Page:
Everything You Need To Know About A Teapot

Everything You Need To Know About A Teapot

Tea has been around for years but in recent times it has become an extremely trendy drink due to the numerous health benefits it offers. But, in order to fully enjoy a tea drinking experience you need the right teapot.

A teapot is more than just a statement piece you can put in your kitchen or living area. Certain teapots have been designed to enhance the flavors of specific types of teas.

With the above in mind, we’ve created this comprehensive guide whereby we will be sharing information about the history of tea and what it is, the different types of teas available, as well as how these are packaged.


We’ll then tell you how you can prepare tea and how best to serve it. We’ll tell you what a teapot is, highlight some of the benefits of using one, share some of the different types available, and finally, run you through some of the most reputable manufacturers in the industry today.

So, without further ado, let’s get started.

An Introduction To Tea

Tea is a drink made by pouring boiling water over cured leaves. These leaves are called the Camellia Sinensis and come from an evergreen shrub originally from Asia.

There are thousands of different teas now available to drink, all of which have their own set of unique flavors and health benefits. After water, tea is the most commonly consumed drink across the world.

Cup of tea.

Originally used as a medicinal drink, tea originated in Southwest China and was first recorded in 59BC, although many believe it was introduced long before then.

Later, tea became a recreational drink for a variety of other East Asian countries before being introduced to Europe in the 16th century. Tea was introduced to the United Kingdom in the 17th century and the British later commercialized it in India to bypass the Chinese market.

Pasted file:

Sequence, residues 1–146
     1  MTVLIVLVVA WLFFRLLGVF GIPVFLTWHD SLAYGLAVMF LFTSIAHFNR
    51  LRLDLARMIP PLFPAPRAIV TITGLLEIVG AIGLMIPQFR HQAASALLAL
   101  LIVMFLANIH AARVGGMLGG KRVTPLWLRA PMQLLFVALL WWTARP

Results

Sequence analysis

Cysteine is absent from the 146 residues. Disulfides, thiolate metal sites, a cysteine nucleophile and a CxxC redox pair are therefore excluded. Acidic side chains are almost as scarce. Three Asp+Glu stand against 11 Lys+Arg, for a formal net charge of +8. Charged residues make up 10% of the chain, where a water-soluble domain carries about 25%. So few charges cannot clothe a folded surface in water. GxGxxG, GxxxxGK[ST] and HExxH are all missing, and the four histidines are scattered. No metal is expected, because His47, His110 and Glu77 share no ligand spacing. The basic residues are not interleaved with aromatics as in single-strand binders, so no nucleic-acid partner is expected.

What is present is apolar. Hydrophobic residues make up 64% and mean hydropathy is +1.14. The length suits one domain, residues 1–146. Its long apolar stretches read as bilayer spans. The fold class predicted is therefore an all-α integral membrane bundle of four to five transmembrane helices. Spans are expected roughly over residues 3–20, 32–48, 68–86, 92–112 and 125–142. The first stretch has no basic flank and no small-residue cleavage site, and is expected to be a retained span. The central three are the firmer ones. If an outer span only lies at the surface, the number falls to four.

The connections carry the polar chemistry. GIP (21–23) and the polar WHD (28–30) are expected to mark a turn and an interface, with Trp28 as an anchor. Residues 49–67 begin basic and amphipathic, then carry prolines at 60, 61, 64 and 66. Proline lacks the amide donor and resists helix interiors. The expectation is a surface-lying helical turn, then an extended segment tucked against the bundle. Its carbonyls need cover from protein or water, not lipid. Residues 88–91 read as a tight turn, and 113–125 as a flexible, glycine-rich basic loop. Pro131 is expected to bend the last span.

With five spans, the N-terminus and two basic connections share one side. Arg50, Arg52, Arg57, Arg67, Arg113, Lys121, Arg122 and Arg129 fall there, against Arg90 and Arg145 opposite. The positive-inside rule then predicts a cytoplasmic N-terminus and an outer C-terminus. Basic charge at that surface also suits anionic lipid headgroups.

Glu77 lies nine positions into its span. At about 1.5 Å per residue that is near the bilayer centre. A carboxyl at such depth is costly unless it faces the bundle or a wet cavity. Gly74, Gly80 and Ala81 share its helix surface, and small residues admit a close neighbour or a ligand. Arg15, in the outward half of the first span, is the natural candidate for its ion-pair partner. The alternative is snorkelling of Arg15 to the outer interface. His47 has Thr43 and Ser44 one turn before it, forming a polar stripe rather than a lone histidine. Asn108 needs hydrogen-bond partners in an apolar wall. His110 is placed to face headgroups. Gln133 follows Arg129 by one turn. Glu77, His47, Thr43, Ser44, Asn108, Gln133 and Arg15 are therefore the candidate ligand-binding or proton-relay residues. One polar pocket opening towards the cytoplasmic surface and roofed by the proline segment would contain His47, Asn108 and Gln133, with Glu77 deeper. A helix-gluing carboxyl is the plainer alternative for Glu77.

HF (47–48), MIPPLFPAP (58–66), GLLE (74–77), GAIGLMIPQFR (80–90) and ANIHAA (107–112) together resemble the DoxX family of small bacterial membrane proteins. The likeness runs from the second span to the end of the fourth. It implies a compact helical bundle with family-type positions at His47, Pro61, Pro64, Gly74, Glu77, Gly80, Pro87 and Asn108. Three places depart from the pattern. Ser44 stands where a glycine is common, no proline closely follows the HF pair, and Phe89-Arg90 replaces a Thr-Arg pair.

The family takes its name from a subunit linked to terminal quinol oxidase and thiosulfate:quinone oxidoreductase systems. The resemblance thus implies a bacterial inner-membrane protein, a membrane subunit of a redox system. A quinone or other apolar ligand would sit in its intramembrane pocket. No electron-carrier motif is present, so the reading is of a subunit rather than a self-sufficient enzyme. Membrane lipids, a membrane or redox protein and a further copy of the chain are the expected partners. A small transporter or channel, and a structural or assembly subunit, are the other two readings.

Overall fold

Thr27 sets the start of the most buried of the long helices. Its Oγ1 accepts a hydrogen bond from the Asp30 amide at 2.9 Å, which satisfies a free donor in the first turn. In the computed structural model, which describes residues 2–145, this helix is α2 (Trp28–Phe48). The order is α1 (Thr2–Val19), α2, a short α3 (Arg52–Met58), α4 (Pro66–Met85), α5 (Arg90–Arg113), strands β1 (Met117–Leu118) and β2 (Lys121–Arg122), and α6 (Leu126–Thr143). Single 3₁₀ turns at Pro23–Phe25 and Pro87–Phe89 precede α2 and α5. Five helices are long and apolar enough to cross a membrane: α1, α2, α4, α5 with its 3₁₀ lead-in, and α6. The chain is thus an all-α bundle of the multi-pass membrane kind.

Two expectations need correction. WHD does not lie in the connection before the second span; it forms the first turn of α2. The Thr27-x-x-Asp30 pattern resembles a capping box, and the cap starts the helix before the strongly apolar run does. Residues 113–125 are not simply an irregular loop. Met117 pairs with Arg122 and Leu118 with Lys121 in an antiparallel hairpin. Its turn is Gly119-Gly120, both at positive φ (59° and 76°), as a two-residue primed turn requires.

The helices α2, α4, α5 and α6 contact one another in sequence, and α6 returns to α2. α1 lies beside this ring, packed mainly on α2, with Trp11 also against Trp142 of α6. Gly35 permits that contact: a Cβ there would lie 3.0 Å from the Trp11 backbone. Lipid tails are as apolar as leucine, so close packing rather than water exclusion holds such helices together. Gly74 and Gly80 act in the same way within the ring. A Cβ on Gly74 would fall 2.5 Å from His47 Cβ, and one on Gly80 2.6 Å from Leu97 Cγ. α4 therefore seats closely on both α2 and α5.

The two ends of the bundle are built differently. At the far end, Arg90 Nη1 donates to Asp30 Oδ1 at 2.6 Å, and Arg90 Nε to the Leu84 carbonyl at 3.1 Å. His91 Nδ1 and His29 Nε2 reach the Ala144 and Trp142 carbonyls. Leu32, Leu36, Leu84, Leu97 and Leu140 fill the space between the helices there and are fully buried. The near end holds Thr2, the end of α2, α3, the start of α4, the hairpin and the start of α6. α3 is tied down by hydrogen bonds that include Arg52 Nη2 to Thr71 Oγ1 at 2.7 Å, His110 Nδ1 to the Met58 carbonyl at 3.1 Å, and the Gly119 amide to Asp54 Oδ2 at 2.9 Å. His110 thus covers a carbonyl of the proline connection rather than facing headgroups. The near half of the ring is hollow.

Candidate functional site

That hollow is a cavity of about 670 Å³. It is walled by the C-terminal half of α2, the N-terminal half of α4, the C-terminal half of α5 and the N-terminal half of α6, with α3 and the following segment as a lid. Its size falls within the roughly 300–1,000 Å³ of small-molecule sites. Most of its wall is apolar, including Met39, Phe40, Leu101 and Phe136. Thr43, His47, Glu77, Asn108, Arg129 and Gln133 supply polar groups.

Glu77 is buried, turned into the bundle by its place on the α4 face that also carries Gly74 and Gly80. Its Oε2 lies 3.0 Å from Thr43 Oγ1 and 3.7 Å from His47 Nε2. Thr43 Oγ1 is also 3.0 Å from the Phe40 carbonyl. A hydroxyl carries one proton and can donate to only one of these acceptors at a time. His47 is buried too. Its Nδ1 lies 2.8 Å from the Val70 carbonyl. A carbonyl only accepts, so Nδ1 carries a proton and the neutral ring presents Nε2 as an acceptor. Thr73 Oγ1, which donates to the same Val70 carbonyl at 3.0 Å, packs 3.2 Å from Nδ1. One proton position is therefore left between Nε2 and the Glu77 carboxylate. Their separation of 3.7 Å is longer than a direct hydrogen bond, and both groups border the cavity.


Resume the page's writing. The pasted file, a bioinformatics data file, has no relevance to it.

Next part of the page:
Other herbal teas, also known as tisanes or herbal infusions, have been introduced to the market but do not actually use the tea plant during production. They are made by infusing other plants and herbs with boiling water.

Tea Classifications

As mentioned before, there are hundreds if not thousands of different types of teas available to choose from. To help you understand the full extent of this, we’ve highlighted some of the most popular and well-known types.

White Tea

White teas are much milder in flavor because instead of being fermented they’re simply sun-dried. While there are many types of white teas, the most popular is probably the White Peony (Bai Mu Dan).

Yellow Tea

During the manufacturing process, yellow tea goes through a smothering process which lasts from anywhere between one hour and several days. Because of this, yellow tea normally has a sweet and buttery flavor similar to green tea.

Yellow Tea

While it is among the most common classifications of tea, it is actually only made in a few places in China and is quite rare. Yellow tea is typically drunk without milk or sugar.

Green Tea

Whether it’s dry or fresh, green tea retains its green color which is where its name comes from. There are different types of green tea and some are even blended with different classifications of tea in order to offer a larger variety of flavor.

A traditional green tea is quite vegetal with sweet tones. It can be quite grassy and even earthy depending on the strand of green tea. Green tea is a specialty of Japan, Korea, and China. Once again, green tea is best drunk without milk or sugar.

Oolong Tea

Oolong tea varies based on where it comes from, its age, the cooking process, and its range of oxidization. Oolong tea is semi-oxidized and changes between countries and even regions within countries. With this in mind, Oolong tea can vary in color, shape, and of course, flavor.

Black Tea

Black tea is 100% oxidized and many of the active substances in it do not develop at temperatures of less than 90 degrees Celsius. The most common types of black teas include Darjeeling, Nepal, Assam, Ceylon, just to name a few.

Black tea.

While many believe black tea is black, it can range between dark grey to rich dark brown and even a deep red. This type of tea is the most common in western regions and is typically drunk with either milk or sugar or both.

Post-Fermented Tea

Also known as dark tea, post-fermented tea is a type of tea that can go through a microbial fermentation for anywhere between a matter of months and years. While many believe that black tea is very bitter, its true process should reduce astringency and mellow the taste.